Strategically/business-wise I thought it was an interesting release. We can chastise ourselves but that doesn’t change that this movie has more narrow appeal than, e.g., Encanto. But since it’s going on D+, doesn’t that make it more like a Netfilx-style release that is targeting a smaller market and making them feel like the service really understands them? It’s new for Pixar to occasionally meet that need for Disney instead of only doing grand slam wide theater releases, but I think it makes sense since the quality wasn’t in any way compromised. The world is different now. I think we’ll see Pixar do something like this again when they have the right writer/director and opening in their schedule.

Like Communism!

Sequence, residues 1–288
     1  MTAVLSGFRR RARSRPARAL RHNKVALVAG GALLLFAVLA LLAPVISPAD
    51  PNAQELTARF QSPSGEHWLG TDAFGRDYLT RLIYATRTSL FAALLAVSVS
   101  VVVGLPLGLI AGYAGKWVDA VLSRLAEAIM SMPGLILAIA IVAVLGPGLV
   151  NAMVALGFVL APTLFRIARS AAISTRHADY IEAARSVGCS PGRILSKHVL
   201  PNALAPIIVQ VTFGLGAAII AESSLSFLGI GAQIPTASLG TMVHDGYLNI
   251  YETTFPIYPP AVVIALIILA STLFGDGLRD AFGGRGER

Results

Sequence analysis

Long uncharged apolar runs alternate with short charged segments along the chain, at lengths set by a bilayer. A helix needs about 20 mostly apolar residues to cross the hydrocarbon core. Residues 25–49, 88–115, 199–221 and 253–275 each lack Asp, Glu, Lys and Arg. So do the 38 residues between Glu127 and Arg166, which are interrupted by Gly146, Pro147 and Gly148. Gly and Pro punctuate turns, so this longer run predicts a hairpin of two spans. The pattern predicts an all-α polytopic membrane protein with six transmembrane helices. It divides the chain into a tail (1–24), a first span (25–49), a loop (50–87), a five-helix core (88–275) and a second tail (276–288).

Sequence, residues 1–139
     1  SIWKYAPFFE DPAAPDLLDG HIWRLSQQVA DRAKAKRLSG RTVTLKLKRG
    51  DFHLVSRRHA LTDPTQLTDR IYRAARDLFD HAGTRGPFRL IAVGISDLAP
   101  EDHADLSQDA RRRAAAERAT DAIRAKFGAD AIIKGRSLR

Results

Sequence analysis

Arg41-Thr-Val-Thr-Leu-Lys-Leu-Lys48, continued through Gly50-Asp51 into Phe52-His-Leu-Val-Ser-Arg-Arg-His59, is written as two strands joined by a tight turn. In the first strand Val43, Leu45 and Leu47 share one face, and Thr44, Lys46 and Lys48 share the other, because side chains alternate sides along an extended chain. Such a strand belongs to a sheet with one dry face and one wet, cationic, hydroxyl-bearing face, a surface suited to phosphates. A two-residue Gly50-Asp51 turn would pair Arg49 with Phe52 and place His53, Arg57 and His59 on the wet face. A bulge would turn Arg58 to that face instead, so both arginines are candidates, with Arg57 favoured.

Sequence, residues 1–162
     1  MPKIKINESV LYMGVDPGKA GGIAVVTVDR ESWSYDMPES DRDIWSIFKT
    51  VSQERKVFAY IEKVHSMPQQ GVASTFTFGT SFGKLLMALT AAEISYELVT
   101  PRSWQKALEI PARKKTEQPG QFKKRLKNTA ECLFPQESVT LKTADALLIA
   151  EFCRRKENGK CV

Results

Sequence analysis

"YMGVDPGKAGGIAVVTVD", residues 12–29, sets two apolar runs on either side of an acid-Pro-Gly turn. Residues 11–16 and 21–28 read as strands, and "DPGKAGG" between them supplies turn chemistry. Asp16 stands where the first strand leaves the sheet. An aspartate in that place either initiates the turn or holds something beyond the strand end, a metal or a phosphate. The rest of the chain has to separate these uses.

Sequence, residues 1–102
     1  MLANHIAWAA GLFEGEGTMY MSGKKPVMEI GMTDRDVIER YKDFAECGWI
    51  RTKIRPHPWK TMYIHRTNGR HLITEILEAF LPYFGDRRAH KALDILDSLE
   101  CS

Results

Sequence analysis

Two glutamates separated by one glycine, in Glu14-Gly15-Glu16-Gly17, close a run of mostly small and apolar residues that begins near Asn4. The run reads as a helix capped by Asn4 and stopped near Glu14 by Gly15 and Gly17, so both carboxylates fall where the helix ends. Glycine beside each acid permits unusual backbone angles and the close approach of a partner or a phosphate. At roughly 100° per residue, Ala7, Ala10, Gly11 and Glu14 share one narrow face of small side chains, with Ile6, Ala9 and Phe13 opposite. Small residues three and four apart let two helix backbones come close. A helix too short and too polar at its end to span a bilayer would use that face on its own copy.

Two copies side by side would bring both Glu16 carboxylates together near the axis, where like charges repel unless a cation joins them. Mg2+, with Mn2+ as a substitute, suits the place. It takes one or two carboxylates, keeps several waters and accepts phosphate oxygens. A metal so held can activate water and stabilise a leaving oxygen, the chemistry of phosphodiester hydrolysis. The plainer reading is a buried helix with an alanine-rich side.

I liked your take on the movie and I’ll accept a bit more of that. I also will accept your sly pun, you old dog you.

To be honest, the wife and I caught this a few weeks ago and both of us were kind of bored during it. I don’t think it’s that we weren’t the “target audience” (we almost universally love CGI family movies like this) so much as there wasn’t a lot of conflict (outside of a girl and her over-bearing Mom) and I didn’t think it did anything with the “Red Panda” gimmick that I hadn’t already seen and enjoyed a lot more when it was called Teen Wolf.

Did you watch Teen Wolf as a Teen Boy?

Turning Red definitely focuses on a specific experience and interest set fixed firmly in 2002 13 year old girl. It makes sense you would like Teen Wolf more, the gimmicks were targeted specifically at you!